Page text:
At the “Dry Bridge” open-air flea market in downtown Tbilisi, Leri Surmava was laying out knick-knacks on the grimy pavement: USSR passports and pension books, Red Army medals, coins embossed with hammers and sickles.
In the centre of this jumble of Soviet-era nostalgia was a photograph with a stern silhouette and an unmistakable moustache: Joseph Stalin.
“People like him aren’t born any more,” Surmava, 77, said of the Georgian-born dictator whose name is synonymous with gulag labour camps, bloody purges and man-made famines that killed millions across the former Soviet Union – including at least 300,000 in Georgia.
“He was an expert in every area. He was extremely intelligent and read a lot. He knew all the great writers’ works by heart and could quote them all.”
Surmava pointed towards a public garden a stone’s throw from the bridge, where a statue of “Soso” – the Georgian nickname for Stalin – used to stand before it was torn down in 1954 by his successor, Nikita Krushchev, who wanted to snuff out Stalin’s cult of personality.
“They should definitely bring the statue back,” he said, jabbing a finger. “I have his bust at home. Yes, I’m a Stalinist!”
Bringing Stalin’s statue back is no longer a taboo subject in Georgia, where many credit him with standing up to fascism in World War Two and turning the Soviet Union into a nuclear-armed superpower.
Sixty years after his death, one of the 20th century’s most murderous autocrats is enjoying something of a comeback. A handful of Georgian towns and villages have restored Stalin monuments and several others plan to do the same. A recent poll suggests 45 percent of Georgians approve of the dictator.
It’s a revival steeped in ambivalence and paradox.
While some Georgians profess respect for the home-grown strongman who ruled the communist world with an iron fist, others, including pro-Western President Mikheil Saakashvili, say it’s wrong to honour a tyrant with so much blood on his hands.
“My mother’s family were all shot,” Alexander Randoli, a Georgian analyst, told a security seminar organised by Thomson Reuters Foundation in Tbilisi. “Many of my relatives were tortured and sent to Siberia. It’s a shame on our nation, that man.”
Critics also see monuments to Stalin as unwelcome reminders of Moscow’s lingering influence in Georgia two decades after it gained independence following the collapse of the Soviet Union.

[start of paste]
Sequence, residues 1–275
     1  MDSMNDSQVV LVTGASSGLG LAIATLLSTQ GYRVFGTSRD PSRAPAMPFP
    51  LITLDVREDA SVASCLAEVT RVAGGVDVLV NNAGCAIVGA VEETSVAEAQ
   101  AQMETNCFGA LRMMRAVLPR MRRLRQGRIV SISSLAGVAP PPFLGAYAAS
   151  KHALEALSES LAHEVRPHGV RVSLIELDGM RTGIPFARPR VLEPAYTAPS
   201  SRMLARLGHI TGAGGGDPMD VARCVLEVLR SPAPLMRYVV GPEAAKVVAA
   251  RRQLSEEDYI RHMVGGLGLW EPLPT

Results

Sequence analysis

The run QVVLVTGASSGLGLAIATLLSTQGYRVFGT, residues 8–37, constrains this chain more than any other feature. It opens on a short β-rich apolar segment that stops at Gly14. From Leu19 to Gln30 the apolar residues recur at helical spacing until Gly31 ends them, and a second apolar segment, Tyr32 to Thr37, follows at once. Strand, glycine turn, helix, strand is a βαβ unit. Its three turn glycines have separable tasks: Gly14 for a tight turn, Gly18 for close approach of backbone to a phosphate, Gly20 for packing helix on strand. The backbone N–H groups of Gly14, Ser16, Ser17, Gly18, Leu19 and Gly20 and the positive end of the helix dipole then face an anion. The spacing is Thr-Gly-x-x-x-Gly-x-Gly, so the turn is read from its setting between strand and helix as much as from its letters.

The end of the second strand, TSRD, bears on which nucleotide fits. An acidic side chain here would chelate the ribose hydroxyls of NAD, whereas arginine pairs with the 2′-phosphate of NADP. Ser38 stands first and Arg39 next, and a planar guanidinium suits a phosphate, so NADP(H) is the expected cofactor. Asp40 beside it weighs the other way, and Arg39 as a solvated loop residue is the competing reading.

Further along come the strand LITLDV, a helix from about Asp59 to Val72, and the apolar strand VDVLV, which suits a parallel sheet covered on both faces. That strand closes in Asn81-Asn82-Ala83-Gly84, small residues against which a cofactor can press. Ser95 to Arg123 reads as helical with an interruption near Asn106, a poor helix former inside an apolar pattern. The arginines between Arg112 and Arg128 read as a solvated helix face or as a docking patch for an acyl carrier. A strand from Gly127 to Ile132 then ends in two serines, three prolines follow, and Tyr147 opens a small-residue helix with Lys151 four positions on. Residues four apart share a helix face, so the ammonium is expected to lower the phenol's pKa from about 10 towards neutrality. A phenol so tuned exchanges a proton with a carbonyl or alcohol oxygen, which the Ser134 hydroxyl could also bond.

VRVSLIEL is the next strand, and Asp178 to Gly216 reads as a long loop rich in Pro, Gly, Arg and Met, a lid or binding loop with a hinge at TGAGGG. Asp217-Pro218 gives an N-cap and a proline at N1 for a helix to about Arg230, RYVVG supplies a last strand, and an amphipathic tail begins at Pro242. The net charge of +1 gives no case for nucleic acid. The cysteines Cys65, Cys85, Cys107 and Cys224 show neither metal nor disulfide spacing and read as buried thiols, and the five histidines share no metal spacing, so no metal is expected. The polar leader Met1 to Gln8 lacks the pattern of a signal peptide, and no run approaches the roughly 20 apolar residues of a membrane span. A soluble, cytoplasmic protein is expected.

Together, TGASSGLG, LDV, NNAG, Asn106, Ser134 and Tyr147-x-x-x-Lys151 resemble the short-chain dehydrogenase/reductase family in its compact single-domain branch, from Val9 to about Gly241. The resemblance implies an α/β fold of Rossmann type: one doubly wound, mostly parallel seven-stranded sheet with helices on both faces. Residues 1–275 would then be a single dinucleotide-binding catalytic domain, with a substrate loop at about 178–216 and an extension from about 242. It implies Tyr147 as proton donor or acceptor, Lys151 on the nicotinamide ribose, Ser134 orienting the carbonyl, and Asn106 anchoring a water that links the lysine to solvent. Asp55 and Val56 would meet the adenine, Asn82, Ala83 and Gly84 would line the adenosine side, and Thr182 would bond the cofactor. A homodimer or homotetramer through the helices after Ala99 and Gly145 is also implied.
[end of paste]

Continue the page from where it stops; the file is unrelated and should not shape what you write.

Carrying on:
Resentment of Russia flared when the two countries fought a brief war in 2008 over Georgia’s two breakaway regions, South Ossetia and Abkhazia. And it remains palpable today, not least along the administrative boundary lines of those regions, recognised by Moscow as independent states.
In recent weeks, the Russian military have been putting up barbed wire and fences along the boundary lines – a move Tbilisi calls a land grab.
Stalin statues have been resurrected in the provincial Georgian town of Telavi, in the Tbilisi suburb of Akura and in at least six villages around the country. All were defaced with paint within hours of being unveiled.
But the epicentre of controversy is Stalin’s hometown of Gori. Not far from the South Ossetian border, Gori was badly damaged during Georgia’s disastrous five-day war with Russia in 2008.
A six-metre-high bronze statue had stood in the central square since 1952 – the only monument not torn down by Krushchev after Stalin’s death in 1953. Three years ago, Saakashvili had it removed as part of efforts to obliterate Soviet symbols.
The government now plans to restore it.
To visit Gori is to understand the selective way many Georgians remember Stalin’s legacy. At the Joseph Stalin Museum in the centre of town, little has changed since Soviet times. It’s a surreal, kitsch-filled journey into historical omission.
Stalin’s face looms enormous on tapestries, canvasses and marble busts. You can see the room he grew up in and the train carriage he rode in. In the gift shop, he peers out from matchboxes, coffee cups and hip flasks.
Splendid in a pink dress, pink blouse, pink scarf and pink pearls, the museum’s pink-haired tour guide led us through room after room of portraiture and memorabilia.
She told us everything – and nothing. How St Petersburg used to be called Petrograd and then became St Petersburg again. How Stalin was a good singer (though he didn’t play a musical instrument).
Not a peep about the purges or his bloody war on wealthy kulak peasants. No mention of his disastrous collectivisation of farms that led to the death of millions.
One room – apparently added as an afterthought – does contain a nod towards Stalin’s dark side, though few visitors see it since it tends to be locked or “closed for repairs”. A light bulb hanging from the ceiling supposedly represents his trademark political repression.
According to Russian journalist and human rights activist Gregory Shvedov, Stalin remains an important part of “post-Soviet consciousness” thanks to widespread recognition of how much he developed the USSR and got it respect.
Maybe respect is what some Georgians – still smarting from defeat by Russia in 2008 and fearful that Moscow is advancing on their territory – feel is lacking today.
Later at the South Ossetian border, Georgian border police with rifles were standing in a line in a field where the Russian military had been erecting a wire fence a few days earlier. A green sign in the distance proclaimed, in Cyrillic, the “Republic of South Ossetia”.
“It’s the Berlin Wall of our time,” said Georgi Sigauri, a Ministry of Interior Affairs official, a touch hyperbolically.
Asked what the Georgian border guards would do if the Russians came back to continue their fence-building, he said they could only look on helplessly.
One wonders what Stalin would have made of that.